On a return visit I ordered a takeout breakfast for the family. Mr. She Ate chose a meat lover’s omelet, which included ham, bacon, sausage, and cheddar. First of all, the omelets are seriously large and come with home fries and toast. My husband waxed on and on about the home fries for the rest of the day. He’s never seen a sear like that on a potato, he said. He couldn’t stop composing poems about the texture of the home fries and the perfection that was the bacon.
I chose the farmer’s omelet, which was stuffed with cubes of ham, sliced onion and cheddar cheese. I loved the bite of the onion with the sharpness of the cheddar, and next time I’m excited to try the vegetarian omelet with its delicious-sounding combination of green peppers and mushrooms. I’m also eager to sample the grilled shrimp and grits with toast.
The Babies She Ate shared an order of pancakes and bacon. The pancakes were not at all what I was expecting, and I mean that in the best way possible. They were thin—almost as thin as crepes—and more tangy than sweet. My 2.5 year old got her money’s worth out of her newly developed fork skills and gobbled down two of the pancakes, barely coming up for air. The 4-year-old is a bacon man and is also a very deliberate eater (I don’t like to call kids “picky” eaters.) Well, he found something that he liked from Gregory’s and took down three large slices of bacon quickly.
My late, beloved former Lansing School Board colleague Shirley Rodgers used to promise me that she would take me to Gregory’s with her. We never got the chance. As I sat with Bryan Beverly, who also loved Shirley, I felt her there with us. I know that she would have loved us being there, together, both silently but undoubtedly thinking about her. Shirley, I promise I’ll bring my fine-ass husband with me next time I go back to Gregory’s.
By BRYAN BEVERLY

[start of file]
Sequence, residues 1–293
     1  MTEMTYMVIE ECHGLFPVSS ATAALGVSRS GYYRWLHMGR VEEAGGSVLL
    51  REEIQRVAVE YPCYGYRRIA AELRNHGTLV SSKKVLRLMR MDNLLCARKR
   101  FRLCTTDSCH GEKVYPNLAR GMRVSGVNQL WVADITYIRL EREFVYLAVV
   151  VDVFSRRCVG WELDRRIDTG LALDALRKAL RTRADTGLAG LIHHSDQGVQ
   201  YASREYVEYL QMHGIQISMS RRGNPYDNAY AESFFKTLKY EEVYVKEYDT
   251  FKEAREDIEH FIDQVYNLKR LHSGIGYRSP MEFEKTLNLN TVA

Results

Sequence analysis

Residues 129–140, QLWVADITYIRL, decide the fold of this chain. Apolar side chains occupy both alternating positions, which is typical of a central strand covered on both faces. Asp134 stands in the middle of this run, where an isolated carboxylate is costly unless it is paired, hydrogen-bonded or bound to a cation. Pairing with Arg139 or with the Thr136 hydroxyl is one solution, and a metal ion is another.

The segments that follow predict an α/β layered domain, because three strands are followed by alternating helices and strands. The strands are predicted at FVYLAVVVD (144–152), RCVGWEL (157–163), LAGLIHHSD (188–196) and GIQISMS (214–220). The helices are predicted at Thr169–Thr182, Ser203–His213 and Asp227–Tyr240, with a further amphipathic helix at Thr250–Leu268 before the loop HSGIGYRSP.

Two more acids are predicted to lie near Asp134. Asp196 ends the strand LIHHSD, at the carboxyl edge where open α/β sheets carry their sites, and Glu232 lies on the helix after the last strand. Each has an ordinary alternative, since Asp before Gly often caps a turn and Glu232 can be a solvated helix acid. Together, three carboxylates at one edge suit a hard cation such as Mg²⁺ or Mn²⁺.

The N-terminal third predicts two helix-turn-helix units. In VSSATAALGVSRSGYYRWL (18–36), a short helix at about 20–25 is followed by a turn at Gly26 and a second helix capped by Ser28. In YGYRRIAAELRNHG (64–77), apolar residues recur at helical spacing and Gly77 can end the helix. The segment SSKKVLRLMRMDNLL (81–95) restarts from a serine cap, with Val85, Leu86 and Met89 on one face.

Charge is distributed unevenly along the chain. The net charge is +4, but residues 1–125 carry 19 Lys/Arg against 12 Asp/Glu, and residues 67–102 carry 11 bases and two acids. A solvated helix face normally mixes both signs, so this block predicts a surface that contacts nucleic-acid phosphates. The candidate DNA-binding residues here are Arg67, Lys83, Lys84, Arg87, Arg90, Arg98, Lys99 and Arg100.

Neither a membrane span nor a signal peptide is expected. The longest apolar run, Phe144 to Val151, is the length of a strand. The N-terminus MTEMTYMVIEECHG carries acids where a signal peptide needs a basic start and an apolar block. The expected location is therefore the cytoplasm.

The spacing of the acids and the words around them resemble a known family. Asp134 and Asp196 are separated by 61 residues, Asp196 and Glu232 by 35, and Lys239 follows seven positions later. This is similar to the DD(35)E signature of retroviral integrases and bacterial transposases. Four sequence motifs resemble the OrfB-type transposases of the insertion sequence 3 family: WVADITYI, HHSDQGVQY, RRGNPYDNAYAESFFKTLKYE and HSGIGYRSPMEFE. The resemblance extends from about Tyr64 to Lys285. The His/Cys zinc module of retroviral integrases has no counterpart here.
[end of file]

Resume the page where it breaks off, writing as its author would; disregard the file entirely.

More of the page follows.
Black-owned watering holes in Lansing have a rich heritage as a convening space for after-work drinks and home to diverse life celebrations (birthdays, anniversaries and post-funeral meals). Soul or Southern-inspired cuisine often takes center stage. In the early 1950s, Sonny Adams opened the Tropicana Lounge on the corner of Division and William streets near the Oldsmobile main gate. The establishment touted fine foods and cocktails with visiting jazz bands. In the early 1970s, Starr’s Black & Tan, owned and operated by Roland Starr, opened nearby, on River Street, and was a destination spot for GM workers coming off of various shifts. The Black & Tan was known for pickled pig feet, eggs, bologna and homemade burgers. The establishment hosted several themed nights in its large banquet hall with space for funk, soul and Latin bands. Around this same time, Gregory Eaton, a Lansing native and Michigan’s first Black lobbyist, opened The Garage on Capitol Avenue. A favorite nightspot for local business, education and government leaders and workers, the Garage offered menu items called the Hub Cap, the Tail Pipe and the Rolls Rueben. The Garage closed in 1991, but Eaton soon opened on North Martin Luther King Jr. Boulevard as Gregory’s Soul Food. Gregory’s continues to draw crowds for large gatherings and music but has also carved out a niche as a soul food mecca in the Capital City.